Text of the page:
MONMOUTH – Western Oregon University’s College of Education, Teaching Research Institute, and the Division of Extended Programs have been awarded $106,350 by the Oregon Department of Education, through a competitive grant proposal process, to develop a Talented and Gifted Regional Planning Center.
This center at WOU will serve several purposes. First, it will identify teachers’ professional development needs in serving TAG students. Second, it will design targeted responses to those needs. Third, it will provide easily accessible professional development to improve outcomes for TAG students. Last, it will coordinate access to resources on best practices in gifted education. The project will offer asynchronous online modules, synchronous Web-based presentations, regional workshops and application-based trainings throughout Oregon with a particular emphasis on meeting the needs of students identified as talented and gifted, their parents and their educators living in rural areas.
According to the federal Elementary and Secondary Education Act of 2001, talented and gifted students are those “students, children, or youth who give evidence of high achievement capability in areas such as intellectual, creative, artistic, or leadership capacity, or in specific academic fields, and who need services and activities not ordinarily provided by the school in order to fully develop those capabilities.”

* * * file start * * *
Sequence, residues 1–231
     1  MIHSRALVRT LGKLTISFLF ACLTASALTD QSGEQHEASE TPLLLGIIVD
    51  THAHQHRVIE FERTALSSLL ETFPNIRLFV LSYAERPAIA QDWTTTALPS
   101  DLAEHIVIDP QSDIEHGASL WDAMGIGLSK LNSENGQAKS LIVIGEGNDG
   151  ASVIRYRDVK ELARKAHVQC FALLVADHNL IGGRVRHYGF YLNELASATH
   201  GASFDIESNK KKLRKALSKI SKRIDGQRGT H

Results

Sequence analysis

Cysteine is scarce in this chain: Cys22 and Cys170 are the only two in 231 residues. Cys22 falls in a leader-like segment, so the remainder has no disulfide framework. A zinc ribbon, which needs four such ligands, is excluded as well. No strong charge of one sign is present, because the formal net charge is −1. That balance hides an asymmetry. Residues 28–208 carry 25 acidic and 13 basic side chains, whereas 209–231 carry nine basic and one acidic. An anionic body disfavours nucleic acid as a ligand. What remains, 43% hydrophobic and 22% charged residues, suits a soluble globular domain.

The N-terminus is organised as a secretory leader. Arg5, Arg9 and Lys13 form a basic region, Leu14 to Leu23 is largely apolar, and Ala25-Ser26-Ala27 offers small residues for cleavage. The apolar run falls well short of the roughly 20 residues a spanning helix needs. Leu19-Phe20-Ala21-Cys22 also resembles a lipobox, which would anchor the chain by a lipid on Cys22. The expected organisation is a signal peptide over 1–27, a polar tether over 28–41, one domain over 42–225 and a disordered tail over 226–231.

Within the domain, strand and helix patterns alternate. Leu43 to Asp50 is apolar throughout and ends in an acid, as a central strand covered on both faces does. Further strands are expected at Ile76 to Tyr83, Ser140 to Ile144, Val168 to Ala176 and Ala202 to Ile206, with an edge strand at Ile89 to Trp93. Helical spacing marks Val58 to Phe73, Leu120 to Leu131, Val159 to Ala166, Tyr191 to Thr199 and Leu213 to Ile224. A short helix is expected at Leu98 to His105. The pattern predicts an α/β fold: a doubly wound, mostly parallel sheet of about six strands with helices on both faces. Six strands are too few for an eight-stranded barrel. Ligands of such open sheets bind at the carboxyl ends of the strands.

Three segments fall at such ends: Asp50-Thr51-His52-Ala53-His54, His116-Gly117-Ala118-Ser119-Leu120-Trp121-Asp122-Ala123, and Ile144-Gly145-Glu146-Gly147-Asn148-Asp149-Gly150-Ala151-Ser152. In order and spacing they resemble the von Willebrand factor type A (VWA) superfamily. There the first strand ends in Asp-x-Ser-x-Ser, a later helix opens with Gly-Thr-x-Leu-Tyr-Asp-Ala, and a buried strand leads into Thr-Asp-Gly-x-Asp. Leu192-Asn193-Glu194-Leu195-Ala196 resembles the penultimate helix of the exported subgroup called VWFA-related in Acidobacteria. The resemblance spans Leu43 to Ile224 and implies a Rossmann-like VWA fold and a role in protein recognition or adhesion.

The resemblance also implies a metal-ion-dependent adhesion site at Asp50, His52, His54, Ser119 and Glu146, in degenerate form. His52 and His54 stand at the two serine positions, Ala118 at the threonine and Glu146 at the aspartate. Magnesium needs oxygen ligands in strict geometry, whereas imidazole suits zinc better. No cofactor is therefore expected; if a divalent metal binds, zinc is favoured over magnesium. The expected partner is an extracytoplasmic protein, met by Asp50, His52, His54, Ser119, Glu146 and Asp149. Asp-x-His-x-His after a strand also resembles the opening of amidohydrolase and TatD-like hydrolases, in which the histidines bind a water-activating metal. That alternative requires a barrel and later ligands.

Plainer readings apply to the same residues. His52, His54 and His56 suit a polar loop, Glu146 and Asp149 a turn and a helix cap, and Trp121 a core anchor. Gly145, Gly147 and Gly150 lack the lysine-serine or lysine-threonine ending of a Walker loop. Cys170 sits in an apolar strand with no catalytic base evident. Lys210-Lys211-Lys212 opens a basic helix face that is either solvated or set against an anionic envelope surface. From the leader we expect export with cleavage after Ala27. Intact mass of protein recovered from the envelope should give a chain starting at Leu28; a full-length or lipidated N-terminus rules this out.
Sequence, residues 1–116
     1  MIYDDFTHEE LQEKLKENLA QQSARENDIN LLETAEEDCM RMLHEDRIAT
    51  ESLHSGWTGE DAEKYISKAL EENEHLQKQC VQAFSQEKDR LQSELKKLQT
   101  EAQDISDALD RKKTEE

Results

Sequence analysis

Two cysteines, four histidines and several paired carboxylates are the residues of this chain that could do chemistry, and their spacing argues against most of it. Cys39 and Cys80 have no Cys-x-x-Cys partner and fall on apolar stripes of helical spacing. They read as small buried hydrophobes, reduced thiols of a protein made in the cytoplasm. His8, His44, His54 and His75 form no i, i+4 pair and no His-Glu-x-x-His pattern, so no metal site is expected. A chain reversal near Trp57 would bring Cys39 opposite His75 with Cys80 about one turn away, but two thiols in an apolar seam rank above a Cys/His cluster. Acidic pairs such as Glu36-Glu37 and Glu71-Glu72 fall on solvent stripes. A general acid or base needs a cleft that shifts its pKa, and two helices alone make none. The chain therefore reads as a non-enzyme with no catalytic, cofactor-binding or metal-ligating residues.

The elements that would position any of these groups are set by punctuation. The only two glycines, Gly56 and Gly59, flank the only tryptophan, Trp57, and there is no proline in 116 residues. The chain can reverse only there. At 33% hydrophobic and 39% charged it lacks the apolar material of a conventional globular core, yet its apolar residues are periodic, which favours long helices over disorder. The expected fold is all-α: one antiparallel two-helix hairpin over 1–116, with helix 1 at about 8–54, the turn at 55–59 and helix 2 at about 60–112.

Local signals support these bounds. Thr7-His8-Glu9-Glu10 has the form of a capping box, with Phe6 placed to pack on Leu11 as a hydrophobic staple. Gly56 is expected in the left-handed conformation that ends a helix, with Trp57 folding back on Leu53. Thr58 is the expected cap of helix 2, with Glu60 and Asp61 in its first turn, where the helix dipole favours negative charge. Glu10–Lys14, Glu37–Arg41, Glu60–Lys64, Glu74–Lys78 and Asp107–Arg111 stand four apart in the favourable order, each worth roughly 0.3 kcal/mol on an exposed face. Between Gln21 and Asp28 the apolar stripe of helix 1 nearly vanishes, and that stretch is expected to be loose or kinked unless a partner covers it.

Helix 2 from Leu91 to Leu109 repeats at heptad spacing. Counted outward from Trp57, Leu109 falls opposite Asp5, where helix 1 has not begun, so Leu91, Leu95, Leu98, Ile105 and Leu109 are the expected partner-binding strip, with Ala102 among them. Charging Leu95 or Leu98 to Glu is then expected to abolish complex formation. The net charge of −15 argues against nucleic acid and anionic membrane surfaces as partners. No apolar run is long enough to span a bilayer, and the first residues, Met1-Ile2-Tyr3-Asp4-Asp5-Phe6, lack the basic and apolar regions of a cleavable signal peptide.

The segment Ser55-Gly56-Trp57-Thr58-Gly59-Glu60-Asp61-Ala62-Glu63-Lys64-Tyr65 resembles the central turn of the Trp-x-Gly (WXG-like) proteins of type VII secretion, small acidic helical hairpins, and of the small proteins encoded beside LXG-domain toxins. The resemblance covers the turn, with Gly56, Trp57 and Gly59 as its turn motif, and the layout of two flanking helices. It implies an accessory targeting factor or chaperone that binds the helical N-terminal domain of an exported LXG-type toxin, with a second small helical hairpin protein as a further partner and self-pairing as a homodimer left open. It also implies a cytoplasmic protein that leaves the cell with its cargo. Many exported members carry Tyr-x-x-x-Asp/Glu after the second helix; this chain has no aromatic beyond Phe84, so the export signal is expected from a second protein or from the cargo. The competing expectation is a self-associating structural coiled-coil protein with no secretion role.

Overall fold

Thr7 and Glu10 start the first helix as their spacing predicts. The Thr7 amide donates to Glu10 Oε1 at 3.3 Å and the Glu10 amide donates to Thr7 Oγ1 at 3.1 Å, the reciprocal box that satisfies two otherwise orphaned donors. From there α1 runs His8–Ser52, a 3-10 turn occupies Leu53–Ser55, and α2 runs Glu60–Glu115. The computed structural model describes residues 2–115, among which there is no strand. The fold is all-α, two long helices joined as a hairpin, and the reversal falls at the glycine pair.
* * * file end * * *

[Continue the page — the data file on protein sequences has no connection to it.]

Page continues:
The Oregon Revised Statues define talented and gifted children as those “who require special educational programs or services, or both, beyond those normally provided by the regular school program in order to realize their contribution to self and society and who demonstrate outstanding ability or potential in [intellectual, academic, creative and/or leadership] ability” (ORS 343.395).
“Meeting the needs of talented and gifted students requires collaboration between and among educators, administrators, parents, higher education personnel, and local communities,” commented the project’s director Ella Taylor, Ph.D. “This project will bring together these groups to maximize the learning outcomes of students.”
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Ann Bardsley, Sorenson Communications
Elisa Maroney, associate professor of special education